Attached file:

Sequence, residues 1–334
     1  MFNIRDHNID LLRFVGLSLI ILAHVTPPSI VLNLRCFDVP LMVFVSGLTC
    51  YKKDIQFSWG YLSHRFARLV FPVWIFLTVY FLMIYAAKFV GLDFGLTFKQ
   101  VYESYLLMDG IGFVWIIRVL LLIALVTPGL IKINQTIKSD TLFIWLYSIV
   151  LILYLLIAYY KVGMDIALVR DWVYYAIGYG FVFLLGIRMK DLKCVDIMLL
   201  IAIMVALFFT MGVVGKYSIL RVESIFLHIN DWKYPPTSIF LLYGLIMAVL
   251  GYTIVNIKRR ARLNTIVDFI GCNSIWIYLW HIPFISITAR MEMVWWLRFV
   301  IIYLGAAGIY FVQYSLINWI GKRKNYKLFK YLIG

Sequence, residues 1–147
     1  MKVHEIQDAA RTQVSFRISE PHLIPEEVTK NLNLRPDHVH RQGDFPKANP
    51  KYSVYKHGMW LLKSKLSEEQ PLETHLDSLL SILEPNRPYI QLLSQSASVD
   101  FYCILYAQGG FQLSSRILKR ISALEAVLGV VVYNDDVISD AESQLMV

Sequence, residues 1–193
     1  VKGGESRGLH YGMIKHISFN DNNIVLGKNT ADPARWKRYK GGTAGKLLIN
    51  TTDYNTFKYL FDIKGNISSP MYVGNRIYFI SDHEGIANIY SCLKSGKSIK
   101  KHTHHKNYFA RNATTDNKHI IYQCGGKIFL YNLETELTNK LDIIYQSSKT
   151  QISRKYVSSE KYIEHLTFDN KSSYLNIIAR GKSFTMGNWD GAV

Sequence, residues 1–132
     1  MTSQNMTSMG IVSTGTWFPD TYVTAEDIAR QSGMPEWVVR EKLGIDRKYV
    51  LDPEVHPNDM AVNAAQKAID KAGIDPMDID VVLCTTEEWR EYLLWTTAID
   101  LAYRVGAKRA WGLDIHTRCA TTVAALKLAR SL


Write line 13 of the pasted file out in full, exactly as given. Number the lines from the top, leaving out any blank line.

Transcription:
Sequence, residues 1–193